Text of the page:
The Obsession Progression

It's taken a lot of time, this surfing shit. From common kook to confident cross steps. I mean, it sure as hell didn't happen over night. It wasn't that long ago I couldn't even kick out, or control my trim. I was, like a lot of people, a passive participant. Surfing the occasional Saturday, when the sun showed up. The idea of looking for waves in the winter seemed like a dark and dreary impossibility. No way was I willing to withstand the wind and the cold and the uncertainty that comes with surfing the Straits after summer. A pompous asshole? Perhaps. Only wanting what could come easily. But was I getting better? Was I surfing like I should have been, given the number of years since I had started? Certainly not.

I suppose it was that first winter we decided to surf that I began to improve, ever so slowly. Trimming was my first trick. Finding some sort of rhythm - shuffling my feet forward to increase acceleration. It worked well, however I was still somewhat of a one-trick-pony when the swell stacked up: big bottom turn, toward the top, then pull out like I misplaced my prophylactic as soon as the water turned white. Amateur hour. All winter. Slowly, though, things started to come together. One leading into another. My shuffle for speed soon became a single step. My bottom turns no longer took a lot of time, and my ability to make a white washed section of a wave improved immensely. Progress. Finally.


Right around this same time someone (who shall remain nameless) suggested I might be obsessed with surfing, insinuating that I was spending too much of my time waiting for waves. I disagreed, although I have been known to obsess over an idea or activity - Magic: The Gathering being the most embarrassing. For this to make more sense, allow us to time travel to 2010. After being hired as the Marketing Manager for Touratech-USA (an adventure motorcycle outfitter), it was no longer necessary for me to spend my Saturdays and Sundays at the race track, which my previous position as the Creative Director for a car racing website required. It was unusual at first, working Monday through Friday, but the benefits began to outweigh the obstacles. I could finally spend my free time surfing. And the fact that Karissa (my then girlfriend) had also taken a job with a similar schedule, allowed us to escape the city around five on Fridays, together. It was a summer that certainly didn't suck.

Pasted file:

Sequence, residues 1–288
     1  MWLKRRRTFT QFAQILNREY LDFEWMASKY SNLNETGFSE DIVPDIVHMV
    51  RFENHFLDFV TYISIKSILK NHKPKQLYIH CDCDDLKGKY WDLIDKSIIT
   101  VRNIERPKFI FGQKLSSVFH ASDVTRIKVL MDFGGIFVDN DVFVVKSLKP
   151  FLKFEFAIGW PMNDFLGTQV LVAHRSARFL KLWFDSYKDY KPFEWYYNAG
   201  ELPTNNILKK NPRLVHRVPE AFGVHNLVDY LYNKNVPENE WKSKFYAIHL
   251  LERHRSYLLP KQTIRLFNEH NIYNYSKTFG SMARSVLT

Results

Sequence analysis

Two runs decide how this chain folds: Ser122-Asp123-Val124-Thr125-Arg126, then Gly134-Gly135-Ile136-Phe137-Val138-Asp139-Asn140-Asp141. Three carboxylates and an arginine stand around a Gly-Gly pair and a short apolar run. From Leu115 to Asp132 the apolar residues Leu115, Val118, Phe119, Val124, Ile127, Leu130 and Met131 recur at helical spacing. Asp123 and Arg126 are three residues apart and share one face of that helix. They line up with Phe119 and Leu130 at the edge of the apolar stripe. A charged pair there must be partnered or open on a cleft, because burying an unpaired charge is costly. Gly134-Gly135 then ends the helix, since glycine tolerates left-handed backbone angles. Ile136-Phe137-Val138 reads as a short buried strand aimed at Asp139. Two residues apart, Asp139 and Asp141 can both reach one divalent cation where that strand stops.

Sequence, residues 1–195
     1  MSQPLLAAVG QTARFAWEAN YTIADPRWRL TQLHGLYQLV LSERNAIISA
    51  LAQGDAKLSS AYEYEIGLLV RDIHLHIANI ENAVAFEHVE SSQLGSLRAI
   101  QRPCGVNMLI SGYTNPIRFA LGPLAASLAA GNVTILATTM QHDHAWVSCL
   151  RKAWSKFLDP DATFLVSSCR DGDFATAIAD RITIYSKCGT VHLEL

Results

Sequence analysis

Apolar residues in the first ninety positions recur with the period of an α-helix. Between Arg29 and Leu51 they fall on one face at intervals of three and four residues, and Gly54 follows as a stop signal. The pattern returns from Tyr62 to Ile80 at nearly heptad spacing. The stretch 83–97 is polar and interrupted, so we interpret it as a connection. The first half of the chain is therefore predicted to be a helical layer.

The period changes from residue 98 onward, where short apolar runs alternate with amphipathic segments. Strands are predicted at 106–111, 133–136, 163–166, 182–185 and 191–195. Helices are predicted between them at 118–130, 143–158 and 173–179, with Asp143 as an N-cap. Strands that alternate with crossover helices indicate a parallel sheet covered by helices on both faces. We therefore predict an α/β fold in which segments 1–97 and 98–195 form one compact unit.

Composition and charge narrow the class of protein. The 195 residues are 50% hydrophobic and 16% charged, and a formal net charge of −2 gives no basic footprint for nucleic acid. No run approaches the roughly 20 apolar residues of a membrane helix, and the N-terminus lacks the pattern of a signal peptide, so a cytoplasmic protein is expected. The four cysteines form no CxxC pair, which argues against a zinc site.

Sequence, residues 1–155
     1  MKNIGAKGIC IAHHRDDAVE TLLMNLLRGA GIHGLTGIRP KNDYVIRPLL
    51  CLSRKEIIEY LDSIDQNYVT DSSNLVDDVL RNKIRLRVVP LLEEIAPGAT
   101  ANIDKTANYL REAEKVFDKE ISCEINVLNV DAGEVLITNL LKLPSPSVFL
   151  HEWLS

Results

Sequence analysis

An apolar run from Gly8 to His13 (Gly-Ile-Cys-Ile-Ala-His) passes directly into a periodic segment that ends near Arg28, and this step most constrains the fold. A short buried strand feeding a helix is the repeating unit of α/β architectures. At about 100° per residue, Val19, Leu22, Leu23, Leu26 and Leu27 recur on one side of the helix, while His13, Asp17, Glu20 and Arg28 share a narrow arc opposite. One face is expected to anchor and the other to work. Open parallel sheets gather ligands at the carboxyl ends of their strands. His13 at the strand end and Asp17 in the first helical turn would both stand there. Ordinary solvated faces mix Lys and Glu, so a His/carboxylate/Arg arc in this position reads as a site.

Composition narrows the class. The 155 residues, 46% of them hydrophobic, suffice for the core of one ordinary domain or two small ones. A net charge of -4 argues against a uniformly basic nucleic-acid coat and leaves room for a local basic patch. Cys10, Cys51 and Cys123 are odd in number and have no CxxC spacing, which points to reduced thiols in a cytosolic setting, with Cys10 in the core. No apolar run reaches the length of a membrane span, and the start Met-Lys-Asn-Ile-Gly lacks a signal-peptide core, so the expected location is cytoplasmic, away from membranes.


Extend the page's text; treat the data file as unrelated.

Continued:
I started to take surfing more seriously. Looking to improve on the foundation laid by my father, I bought a new board, sorted out a second suit and studied a few films. Obsessed? Sure. But it was working. I started to catch more waves and finally figured out how to put a few piggies on the end of my plank. Soon I was surfing beyond my boards abilities and began shopping for new sticks. I bought the Blue Banana. And then it was winter. We continued to camp, though, sleeping in the tent we'd purchased at start of the summer. But living in a small space on Alki left us with little room for wet camping crap, and we soon decided it'd be better to sleep in the back of the Silver Swede, or rent a room when the weather was really bad. But two or three days can turn to one in the winter, as surfing the Straits is not an easy exercise. Fickle it is. Perhaps that's why a lot of people start that snowboarding stuff.

When I think about the last few years - the countless weekends we've spent camping, searching for surf - I can't help but smile. I know I've missed football games and birthday parties, a whole lotta holidays and a bunch of binge drinking, but I can't think of anything else I'd rather do with my weekends. Because I've become better. I can surf pretty alright. And it feels like all of that time and energy has paid off in some silly way. And besides, obsessed is a word lazy people use to describe the dedicated. So I suppose I am obsessed with surfing. Which is alright. Because if that means I'll get better, well, fuck it.
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